The Deeper Significance of Living Design in Syrian Refugee Camps in Lebanon

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  • Title: The Deeper Significance of Living Design in Syrian Refugee Camps in Lebanon
  • Author(s): Noel Nasr, Jacqueline Soghman
  • Publisher: Common Ground Research Networks
  • Collection: Common Ground Research Networks
  • Series: Design Principles & Practices
  • Journal Title: The International Journal of Design in Society
  • Keywords: Refugees, Temporary Home, Living Design, Transnationalism, Place-identity, Collective Memory
  • Volume: 13
  • Issue: 3
  • Year: 2019
  • ISSN: 2325-1328 (Print)
  • ISSN: 2325-1360 (Online)
  • DOI: https://doi.org/10.18848/2325-1328/CGP/v13i03/31-44
  • Citation: Nasr, Noel, and Jacqueline Soghman. 2019. "The Deeper Significance of Living Design in Syrian Refugee Camps in Lebanon." The International Journal of Design in Society 13 (3): 31-44. doi:10.18848/2325-1328/CGP/v13i03/31-44.
  • Extent: 14 pages

Abstract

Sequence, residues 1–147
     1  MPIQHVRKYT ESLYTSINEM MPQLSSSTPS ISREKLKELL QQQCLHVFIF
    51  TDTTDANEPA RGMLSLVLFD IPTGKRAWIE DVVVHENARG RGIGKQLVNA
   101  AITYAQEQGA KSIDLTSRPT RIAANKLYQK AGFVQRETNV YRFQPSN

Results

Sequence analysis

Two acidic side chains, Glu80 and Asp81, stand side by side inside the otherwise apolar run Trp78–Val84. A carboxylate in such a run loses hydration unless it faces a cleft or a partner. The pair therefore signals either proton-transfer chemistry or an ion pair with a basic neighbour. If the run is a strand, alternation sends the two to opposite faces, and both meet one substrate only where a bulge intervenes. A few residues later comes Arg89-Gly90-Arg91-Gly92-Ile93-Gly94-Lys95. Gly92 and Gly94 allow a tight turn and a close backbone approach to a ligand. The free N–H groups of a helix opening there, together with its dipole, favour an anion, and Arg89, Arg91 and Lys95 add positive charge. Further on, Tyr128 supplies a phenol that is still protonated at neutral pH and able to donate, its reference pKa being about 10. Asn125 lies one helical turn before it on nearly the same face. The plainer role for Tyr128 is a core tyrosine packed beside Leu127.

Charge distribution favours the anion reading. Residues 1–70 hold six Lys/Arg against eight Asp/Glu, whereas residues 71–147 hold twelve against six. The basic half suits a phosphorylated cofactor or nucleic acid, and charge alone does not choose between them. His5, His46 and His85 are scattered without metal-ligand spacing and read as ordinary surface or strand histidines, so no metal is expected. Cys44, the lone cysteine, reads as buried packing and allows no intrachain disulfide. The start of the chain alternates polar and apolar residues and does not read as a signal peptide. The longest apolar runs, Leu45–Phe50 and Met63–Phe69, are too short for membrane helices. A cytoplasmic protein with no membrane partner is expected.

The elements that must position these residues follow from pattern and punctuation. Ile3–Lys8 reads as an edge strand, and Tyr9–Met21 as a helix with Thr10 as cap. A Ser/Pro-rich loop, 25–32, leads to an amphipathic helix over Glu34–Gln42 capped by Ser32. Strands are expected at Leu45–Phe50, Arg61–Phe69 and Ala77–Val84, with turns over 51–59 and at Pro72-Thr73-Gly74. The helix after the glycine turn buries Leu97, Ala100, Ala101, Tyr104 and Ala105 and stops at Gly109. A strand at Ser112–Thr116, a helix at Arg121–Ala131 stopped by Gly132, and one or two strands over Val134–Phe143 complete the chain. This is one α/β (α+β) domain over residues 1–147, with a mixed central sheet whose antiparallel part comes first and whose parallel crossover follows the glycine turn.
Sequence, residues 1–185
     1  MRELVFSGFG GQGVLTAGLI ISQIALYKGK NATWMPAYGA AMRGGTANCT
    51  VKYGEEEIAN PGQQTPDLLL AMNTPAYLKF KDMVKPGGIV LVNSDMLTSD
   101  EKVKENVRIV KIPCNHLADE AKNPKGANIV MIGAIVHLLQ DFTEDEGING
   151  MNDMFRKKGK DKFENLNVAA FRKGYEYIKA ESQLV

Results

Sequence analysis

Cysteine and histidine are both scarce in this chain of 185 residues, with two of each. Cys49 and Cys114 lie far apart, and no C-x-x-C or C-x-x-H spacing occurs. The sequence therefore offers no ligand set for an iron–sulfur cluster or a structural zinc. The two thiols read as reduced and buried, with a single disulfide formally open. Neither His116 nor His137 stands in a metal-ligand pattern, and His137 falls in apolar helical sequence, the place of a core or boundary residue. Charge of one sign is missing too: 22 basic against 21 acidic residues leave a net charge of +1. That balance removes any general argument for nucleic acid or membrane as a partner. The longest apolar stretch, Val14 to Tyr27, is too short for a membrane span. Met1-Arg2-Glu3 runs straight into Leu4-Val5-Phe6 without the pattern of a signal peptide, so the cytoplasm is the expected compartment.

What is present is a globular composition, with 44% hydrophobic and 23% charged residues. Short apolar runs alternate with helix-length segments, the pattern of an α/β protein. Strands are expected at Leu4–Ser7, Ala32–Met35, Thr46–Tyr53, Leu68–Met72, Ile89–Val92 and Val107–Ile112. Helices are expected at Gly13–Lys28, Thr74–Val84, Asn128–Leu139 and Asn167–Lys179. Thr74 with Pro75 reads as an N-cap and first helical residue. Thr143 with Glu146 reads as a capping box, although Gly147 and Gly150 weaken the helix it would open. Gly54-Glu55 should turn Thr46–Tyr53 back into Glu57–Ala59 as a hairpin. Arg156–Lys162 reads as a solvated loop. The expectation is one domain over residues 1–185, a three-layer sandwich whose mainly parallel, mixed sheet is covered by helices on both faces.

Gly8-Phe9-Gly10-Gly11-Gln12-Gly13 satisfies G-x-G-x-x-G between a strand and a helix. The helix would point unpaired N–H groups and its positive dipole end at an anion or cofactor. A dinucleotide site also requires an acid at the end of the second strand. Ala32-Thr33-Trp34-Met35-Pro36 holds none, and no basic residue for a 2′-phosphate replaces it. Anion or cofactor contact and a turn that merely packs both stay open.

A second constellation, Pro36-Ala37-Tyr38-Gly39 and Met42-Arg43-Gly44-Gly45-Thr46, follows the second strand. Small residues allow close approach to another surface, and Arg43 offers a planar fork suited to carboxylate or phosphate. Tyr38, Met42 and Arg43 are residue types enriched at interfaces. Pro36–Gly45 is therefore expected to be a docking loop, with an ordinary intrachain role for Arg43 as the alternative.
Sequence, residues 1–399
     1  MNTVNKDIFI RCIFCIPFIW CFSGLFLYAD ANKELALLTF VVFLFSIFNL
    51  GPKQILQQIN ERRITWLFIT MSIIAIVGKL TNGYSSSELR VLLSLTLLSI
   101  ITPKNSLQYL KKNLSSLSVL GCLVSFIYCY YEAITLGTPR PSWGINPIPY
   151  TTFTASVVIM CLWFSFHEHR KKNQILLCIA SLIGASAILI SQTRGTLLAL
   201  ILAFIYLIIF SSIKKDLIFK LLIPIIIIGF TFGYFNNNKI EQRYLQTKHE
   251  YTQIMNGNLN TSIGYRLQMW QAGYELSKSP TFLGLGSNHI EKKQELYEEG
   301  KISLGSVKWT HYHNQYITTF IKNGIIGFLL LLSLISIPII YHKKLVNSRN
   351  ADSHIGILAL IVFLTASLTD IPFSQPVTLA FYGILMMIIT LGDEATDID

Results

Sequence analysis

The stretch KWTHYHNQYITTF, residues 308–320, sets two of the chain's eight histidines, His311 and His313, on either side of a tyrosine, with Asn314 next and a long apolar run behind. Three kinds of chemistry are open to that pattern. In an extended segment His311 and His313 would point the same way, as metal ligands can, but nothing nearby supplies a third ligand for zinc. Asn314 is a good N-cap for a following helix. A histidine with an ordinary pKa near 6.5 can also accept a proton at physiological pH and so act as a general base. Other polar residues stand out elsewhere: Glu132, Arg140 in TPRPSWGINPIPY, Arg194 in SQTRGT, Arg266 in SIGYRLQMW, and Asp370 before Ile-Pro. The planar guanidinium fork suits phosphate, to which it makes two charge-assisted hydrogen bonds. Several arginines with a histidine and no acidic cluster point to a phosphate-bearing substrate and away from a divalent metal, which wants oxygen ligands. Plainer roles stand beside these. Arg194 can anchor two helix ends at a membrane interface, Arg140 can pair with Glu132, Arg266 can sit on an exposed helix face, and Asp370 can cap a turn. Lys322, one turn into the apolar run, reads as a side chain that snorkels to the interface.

The year 2011 witnessed uprisings in numerous Arab countries, triggering the war in Syria and causing thousands of Syrian citizens to flee their homes and seek asylum in neighboring lands. Today, according to the Lebanese government, Lebanon hosts around 1.5 million refugees, 10 percent of whom live in formal camps distributed across the country. This article investigates the role everyday design plays in the kitchen and “majlis” areas of refugee camps. It argues that the design of the temporary lodging is a challenge to the boundaries set by a politically charged environment. Can the living design be an indicator that the mindset of the house/tent-wife has embraced the new situation? Is it the preservation of an identity fighting for survival? Is the non-designer’s attempt to recreate a home a solution to deconstruct the challenging boundaries set by the forced migration? The authors examine the intention of this aesthetic intervention and its reflection on the identity of the displaced family, as well as its correlation to the lost home.